The response of tropical forests to climate change will depend on individual plant species' nutritional strategies, which have not been defined in the case of the nitrogen nutrition that is critical to sustaining plant growth and photosynthesis. We used isotope natural abundances to show that a group of tropical plant species with diverse growth strategies (trees and ferns, canopy, and subcanopy) relied on a common pool of inorganic nitrogen, rather than specializing on different nitrogen pools. Moreover, the tropical species we examined changed their dominant nitrogen source abruptly, and in unison, in response to precipitation change. This threshold response indicates a coherent strategy among species to exploit the most available form of nitrogen in soils. The apparent community-wide flexibility in nitrogen uptake suggests that diverse species within tropical forests can physiologically track changes in nitrogen cycling caused by climate change.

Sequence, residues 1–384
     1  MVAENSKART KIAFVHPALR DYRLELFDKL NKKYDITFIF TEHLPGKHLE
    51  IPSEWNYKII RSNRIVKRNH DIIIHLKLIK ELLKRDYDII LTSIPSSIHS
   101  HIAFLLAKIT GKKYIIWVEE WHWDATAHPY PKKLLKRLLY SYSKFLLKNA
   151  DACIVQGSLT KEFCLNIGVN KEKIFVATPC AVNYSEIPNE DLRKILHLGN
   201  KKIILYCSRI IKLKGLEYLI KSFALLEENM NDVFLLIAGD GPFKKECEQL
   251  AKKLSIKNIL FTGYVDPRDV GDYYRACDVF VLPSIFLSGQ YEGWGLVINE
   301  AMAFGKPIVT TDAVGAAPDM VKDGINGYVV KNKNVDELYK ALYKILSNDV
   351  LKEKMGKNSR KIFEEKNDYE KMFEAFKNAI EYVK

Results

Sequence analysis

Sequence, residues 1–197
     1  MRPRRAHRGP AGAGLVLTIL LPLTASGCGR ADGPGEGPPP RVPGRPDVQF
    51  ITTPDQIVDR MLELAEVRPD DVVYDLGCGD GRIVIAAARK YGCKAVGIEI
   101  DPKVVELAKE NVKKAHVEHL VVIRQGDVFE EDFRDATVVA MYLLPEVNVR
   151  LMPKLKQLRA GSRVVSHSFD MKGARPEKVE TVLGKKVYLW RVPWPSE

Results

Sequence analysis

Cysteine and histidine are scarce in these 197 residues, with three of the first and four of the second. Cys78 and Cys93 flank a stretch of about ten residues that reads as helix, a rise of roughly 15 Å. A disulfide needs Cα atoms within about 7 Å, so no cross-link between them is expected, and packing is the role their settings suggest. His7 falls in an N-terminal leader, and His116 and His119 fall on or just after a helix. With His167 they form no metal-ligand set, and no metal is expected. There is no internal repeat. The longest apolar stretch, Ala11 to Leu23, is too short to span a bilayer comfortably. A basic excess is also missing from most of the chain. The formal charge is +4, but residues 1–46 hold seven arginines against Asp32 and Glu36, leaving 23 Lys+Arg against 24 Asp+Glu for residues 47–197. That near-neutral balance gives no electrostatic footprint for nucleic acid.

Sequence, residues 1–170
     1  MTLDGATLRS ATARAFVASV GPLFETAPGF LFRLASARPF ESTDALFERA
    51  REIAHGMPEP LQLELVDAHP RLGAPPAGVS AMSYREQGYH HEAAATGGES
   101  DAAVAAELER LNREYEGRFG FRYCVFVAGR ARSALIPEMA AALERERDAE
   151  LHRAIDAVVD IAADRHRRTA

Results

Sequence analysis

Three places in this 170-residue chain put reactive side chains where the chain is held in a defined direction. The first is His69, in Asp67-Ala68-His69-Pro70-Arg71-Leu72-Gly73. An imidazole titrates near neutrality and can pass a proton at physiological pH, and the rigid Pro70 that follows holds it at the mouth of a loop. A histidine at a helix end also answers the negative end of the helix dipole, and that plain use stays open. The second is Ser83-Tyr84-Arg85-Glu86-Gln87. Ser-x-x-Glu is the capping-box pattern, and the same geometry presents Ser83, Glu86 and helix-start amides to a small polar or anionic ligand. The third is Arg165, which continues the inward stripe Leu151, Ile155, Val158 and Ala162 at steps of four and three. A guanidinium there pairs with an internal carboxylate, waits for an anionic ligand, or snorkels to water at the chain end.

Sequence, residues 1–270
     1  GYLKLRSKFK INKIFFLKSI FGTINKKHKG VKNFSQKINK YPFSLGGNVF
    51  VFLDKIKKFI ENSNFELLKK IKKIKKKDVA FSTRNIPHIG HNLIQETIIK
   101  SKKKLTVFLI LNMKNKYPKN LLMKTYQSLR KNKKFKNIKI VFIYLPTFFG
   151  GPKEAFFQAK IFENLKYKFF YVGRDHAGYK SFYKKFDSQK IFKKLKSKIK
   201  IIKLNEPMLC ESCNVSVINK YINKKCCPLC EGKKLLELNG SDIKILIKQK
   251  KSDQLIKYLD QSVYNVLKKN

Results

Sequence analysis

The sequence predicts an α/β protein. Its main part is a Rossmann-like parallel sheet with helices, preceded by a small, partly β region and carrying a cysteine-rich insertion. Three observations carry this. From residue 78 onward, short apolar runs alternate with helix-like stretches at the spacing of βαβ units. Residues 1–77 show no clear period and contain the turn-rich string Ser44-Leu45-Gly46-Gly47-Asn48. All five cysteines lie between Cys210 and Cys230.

|Original language||English (US)|
|Number of pages||5|
|Journal||Proceedings of the National Academy of Sciences of the United States of America|
|State||Published - May 22 2007|
- Community ecology
- Global change
ASJC Scopus subject areas